AANP: This program is approved for 0.25 contact hour of continuing education by the American Academy of Nurse Practitioners.

Program ID: 1304158J


Last week 327 journal articles were evaluated via DynaMed's Systematic Literature Surveillance and summaries of 168 articles were added to DynaMed content.

Based on criteria for selecting "articles most likely to change clinical practice," one article of significant interest was selected by the DynaMed Editorial Team.

Addition of Co-trimoxazole to Cephalexin Does Not Increase Cure Rate of Uncomplicated Cellulitis
Reference: Clin Infect Dis 2013 Jun;56(12):1754, (level 1 [likely reliable] evidence)

The recommended treatment for non-purulent cellulitis (without abscess) is a beta-lactam antibiotic (e.g. cephalexin [Keflex]) (Clin Infect Dis 2011 Feb 1;52(3):e18). However, antibiotics that target methicillin-resistant S. aureus (MRSA) are often prescribed for patients with uncomplicated cellulitis. To assess the benefits of targeting MRSA, a new randomized trial compared the efficacy of combined treatment with co-trimoxazole and cephalexin vs. cephalexin alone in 153 patients with uncomplicated cellulitis.

Patients aged 3-74 years (median age 29 years) with symptoms of uncomplicated cellulitis for < 1 week were randomized to co-trimoxazole plus cephalexin vs. cephalexin alone (with placebo) for at least 7 days and followed for 30 days. Patients were instructed to continue antibiotic treatment for 3 days after resolution of treatment, up to a total of 14 days. Exclusion criteria included hospitalization, diabetes, renal insufficiency, immunosuppression, peripheral arterial disease, or purulent discharge > 1 mL. MRSA was endemic in the areas in which the patients lived, and 13% of patients in the trial had associated purulence.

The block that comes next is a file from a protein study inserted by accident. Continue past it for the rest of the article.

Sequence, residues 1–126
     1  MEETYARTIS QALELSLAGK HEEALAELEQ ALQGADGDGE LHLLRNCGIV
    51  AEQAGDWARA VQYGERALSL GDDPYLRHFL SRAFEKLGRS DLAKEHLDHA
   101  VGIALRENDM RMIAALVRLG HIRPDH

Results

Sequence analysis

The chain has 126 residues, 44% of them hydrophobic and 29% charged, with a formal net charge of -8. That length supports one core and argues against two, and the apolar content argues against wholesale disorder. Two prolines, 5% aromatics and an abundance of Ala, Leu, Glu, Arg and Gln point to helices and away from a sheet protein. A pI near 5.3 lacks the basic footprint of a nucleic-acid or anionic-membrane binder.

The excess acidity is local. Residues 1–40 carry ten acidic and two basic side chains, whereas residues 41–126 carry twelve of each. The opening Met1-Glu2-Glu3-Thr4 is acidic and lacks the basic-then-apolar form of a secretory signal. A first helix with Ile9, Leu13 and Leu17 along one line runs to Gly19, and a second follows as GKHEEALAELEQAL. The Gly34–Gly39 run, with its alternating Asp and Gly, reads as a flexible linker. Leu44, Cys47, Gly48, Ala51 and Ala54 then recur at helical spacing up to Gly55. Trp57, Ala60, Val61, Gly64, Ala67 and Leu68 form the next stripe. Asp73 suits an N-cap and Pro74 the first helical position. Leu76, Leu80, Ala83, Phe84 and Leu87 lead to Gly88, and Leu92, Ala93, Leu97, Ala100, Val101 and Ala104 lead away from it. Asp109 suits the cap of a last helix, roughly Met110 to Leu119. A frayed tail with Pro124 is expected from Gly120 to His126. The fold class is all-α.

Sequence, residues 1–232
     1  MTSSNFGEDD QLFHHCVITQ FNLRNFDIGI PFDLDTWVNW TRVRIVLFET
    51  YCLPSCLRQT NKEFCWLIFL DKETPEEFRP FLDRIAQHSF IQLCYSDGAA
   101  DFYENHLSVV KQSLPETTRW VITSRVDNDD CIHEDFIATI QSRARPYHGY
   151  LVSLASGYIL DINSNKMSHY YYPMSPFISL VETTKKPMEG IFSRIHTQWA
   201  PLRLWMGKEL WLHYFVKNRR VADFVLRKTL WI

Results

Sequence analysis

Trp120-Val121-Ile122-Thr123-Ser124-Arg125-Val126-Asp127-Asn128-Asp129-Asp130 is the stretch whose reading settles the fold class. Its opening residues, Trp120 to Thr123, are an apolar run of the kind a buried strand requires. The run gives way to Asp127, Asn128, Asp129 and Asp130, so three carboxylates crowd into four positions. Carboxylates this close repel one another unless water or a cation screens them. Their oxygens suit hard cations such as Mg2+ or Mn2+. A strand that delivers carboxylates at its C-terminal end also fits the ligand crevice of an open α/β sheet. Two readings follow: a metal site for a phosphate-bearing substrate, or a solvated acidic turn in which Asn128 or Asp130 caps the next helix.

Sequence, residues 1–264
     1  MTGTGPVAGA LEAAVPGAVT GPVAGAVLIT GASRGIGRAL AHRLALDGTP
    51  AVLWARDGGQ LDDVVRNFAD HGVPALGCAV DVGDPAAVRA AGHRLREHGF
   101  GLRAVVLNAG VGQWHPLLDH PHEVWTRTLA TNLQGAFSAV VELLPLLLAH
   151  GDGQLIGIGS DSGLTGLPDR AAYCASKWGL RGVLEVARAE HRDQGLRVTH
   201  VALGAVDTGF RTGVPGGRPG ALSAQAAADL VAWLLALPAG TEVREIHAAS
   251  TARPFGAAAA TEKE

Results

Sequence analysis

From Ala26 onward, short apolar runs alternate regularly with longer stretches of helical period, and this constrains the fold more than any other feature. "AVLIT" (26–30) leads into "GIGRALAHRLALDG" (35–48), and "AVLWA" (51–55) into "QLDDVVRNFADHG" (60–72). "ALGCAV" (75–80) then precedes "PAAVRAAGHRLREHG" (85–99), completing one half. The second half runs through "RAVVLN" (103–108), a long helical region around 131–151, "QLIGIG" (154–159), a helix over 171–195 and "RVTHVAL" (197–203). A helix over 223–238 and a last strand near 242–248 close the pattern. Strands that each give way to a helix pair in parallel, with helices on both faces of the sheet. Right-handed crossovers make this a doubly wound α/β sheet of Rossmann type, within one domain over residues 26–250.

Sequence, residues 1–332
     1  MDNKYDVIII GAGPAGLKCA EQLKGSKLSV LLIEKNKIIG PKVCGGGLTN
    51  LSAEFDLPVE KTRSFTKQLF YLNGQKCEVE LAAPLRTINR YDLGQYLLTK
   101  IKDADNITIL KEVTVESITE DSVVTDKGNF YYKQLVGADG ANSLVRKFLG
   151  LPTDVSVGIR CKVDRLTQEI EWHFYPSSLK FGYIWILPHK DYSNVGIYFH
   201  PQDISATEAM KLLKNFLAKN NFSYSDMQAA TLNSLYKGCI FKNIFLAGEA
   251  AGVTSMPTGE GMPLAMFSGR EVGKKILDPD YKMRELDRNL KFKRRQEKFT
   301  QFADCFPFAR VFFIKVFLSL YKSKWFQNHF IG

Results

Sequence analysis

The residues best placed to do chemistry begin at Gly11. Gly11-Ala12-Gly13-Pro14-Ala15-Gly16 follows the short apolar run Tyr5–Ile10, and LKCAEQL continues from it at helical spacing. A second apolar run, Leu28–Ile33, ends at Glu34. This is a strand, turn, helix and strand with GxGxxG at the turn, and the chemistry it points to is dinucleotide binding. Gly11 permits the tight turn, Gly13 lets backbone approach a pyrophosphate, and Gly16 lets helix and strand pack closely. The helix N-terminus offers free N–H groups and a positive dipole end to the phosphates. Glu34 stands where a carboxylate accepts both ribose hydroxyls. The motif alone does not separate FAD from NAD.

At the end of follow-up, the cure rate was 85% with combination treatment and 82% with cephalexin alone (not significant). The infection progressed to abscess in 6.8% in each group (not significant). There were also no significant differences in the rates of diarrhea, nausea and vomiting, or other adverse events. Neither presence of purulence nor nasal colonization with MRSA appeared to influence outcomes.

A recent DynaMed EBM Focus (Volume 8, Issue 21) reported on a systematic review showing that in patients with uncomplicated skin abscesses, the use of antibiotics that target MRSA did not appear to increase cure rates over incision and drainage alone. These 2 reports suggest that although MRSA is a significant clinical concern, clinicians should be judicious in their use of MRSA targeted antibiotics.

For more information, see the Cellulitis topic in DynaMed.

Earn CME Credit for reading this e-Newsletter.
For more information on this educational activity, see the CME sidebar.